My time in America was well spent. While I was there, I restocked my pharmacy, bought new clothes, hung with my friends, and dug up some stuff to bring back. I attended my high school reunion one weekend and Otakon 2015 the next. I also got to do several things I hadn’t been able to do for eleven months: eat real hamburgers and pizza, as well as my mother’s cooking, and even cook out; drive both in the city and across state lines; sleep (soundly) in my old bed; and even watch my TV shows as they air. All too soon, though, it was time to go.
Despite having gone to a walk-in clinic there and taking the meds they prescribed, I still had a lingering cough the morning I had to catch my flight back to Japan. Going back with me were new work clothes, a huge stack of t-shirts I hadn’t been able to take before, medicines, some snacks (to eat and share), and a bunch of stuff I intended to sell in Akiba. On the way out of town, I added a pair of pepperoni rolls to my duffel bag so I didn’t have to overpay for food in Chicago.
While waiting in the TSA line in Pittsburgh, one of the agents started offering an alternate checkpoint, saying there was no wait time there. Many of us left the line and followed the guy upstairs, outside, across a road, and into what looked like a starship corridor before arriving at… an equally-long (if not longer) line. (We all had only ourselves to blame.) Before boarding at my gate, though, we were given the option to check a carry-on bag due to overhead space considerations. I gladly parted with one of mine. A short flight and a long wait later, I was minus one pepperoni roll and on a plane bound for Tokyo.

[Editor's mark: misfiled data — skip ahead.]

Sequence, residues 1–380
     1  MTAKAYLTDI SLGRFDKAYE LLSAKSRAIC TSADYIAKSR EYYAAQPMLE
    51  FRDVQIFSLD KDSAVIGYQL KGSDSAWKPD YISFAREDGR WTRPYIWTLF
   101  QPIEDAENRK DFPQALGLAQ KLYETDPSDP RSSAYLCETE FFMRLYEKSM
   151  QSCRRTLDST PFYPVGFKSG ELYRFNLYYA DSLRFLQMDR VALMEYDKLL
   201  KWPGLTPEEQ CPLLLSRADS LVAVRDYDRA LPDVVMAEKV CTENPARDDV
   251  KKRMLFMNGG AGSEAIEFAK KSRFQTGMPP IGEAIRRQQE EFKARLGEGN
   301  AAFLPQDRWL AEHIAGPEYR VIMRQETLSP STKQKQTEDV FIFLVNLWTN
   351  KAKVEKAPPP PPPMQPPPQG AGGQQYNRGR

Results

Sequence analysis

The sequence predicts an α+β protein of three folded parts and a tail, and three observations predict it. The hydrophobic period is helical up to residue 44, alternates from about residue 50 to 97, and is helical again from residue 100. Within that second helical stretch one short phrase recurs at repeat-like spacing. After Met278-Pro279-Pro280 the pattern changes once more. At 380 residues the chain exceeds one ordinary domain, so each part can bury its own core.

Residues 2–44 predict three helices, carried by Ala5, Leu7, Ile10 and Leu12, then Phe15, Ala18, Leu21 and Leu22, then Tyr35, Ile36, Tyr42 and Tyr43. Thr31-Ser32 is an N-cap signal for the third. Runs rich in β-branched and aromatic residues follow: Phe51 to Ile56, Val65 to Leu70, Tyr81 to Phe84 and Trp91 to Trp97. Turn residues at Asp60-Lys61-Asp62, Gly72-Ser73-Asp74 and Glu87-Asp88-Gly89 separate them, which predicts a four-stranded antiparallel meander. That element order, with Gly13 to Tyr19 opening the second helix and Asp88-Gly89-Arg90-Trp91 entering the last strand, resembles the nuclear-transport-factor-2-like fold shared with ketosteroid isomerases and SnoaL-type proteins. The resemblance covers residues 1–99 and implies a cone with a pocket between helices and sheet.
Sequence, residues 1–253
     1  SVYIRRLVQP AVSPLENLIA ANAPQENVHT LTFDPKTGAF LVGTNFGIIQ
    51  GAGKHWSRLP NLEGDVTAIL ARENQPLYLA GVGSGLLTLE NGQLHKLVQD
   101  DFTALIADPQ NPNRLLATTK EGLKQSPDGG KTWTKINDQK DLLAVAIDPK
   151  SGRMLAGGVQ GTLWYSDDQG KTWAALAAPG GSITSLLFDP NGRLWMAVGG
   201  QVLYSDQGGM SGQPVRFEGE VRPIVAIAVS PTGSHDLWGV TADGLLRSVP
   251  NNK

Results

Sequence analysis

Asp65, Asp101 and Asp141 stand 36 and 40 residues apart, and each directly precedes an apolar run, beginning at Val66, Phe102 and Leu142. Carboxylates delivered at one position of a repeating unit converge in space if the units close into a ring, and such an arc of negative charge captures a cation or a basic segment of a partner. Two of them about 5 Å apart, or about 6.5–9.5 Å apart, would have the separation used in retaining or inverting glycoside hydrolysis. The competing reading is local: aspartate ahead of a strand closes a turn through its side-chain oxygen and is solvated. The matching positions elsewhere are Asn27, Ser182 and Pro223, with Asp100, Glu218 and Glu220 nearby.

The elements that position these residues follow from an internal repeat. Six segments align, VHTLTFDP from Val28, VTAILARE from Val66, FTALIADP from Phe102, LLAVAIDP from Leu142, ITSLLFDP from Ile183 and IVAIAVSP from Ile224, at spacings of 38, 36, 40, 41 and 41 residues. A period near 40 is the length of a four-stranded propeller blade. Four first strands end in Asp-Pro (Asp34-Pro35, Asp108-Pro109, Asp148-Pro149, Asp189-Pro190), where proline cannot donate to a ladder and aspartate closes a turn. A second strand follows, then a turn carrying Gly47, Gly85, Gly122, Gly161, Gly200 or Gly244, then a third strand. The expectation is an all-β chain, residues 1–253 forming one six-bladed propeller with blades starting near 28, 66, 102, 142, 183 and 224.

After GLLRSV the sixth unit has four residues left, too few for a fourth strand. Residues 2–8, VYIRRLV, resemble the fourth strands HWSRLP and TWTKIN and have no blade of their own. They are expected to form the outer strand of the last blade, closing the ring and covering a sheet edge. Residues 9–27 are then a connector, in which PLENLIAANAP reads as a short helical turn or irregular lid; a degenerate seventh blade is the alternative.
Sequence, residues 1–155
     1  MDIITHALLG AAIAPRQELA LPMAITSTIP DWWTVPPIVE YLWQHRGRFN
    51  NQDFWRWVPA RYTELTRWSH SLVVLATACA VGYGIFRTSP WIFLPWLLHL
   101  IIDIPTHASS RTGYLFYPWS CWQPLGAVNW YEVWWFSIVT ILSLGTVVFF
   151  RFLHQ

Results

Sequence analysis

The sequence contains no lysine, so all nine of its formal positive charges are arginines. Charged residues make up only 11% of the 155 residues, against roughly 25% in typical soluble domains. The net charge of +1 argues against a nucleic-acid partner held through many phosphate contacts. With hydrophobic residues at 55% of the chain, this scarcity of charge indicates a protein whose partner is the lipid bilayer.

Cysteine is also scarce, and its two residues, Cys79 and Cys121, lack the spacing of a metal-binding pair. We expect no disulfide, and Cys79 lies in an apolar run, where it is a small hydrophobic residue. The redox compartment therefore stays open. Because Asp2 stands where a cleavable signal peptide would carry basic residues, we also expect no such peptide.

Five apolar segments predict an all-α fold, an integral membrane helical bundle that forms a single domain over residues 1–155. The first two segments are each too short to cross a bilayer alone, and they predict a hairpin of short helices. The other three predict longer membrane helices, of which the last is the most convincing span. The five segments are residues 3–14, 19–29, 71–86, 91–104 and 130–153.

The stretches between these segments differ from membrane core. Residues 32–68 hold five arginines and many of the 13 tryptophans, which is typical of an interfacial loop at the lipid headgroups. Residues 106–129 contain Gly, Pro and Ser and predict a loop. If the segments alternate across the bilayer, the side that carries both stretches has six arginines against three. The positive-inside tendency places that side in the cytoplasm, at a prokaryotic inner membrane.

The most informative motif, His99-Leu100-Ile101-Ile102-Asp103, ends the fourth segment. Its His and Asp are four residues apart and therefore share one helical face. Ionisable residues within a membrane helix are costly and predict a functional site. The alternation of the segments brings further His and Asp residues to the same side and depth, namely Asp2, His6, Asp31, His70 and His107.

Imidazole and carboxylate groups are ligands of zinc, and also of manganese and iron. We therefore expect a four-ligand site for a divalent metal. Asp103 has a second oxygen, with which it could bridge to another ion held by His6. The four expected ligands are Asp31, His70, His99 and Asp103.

The flight back took twelve hours, which I mostly spent napping. I watched two movies: Focus (eh) and About Time (good). As usual, there was no special meal going back; in fact, I found the second meal to be fairly lacking.
Once I’d landed, I went through the standard procedures, collected my luggage, waited for the Keisei bus, and rode back to Tokyo Station. Getting a taxi was surprisingly easy — seconds after the bus left, I waved a hand at the first one I saw and it stopped. It was afternoon in Japan, and I felt a little frayed, so I was glad that my driver wasn’t in the mood to talk.
Once I was safely in my apartment, there was still plenty of work to be done. I plugged in and turned on most everything, then set to work unpacking. Getting everything to fit — and repacking things I wasn’t using, like seasonal clothes — took a few hours. I got a shower in there somewhere, watched some of my downloaded TV, and devored the other pepperoni roll before finally collapsing for the night. I had to work the next day.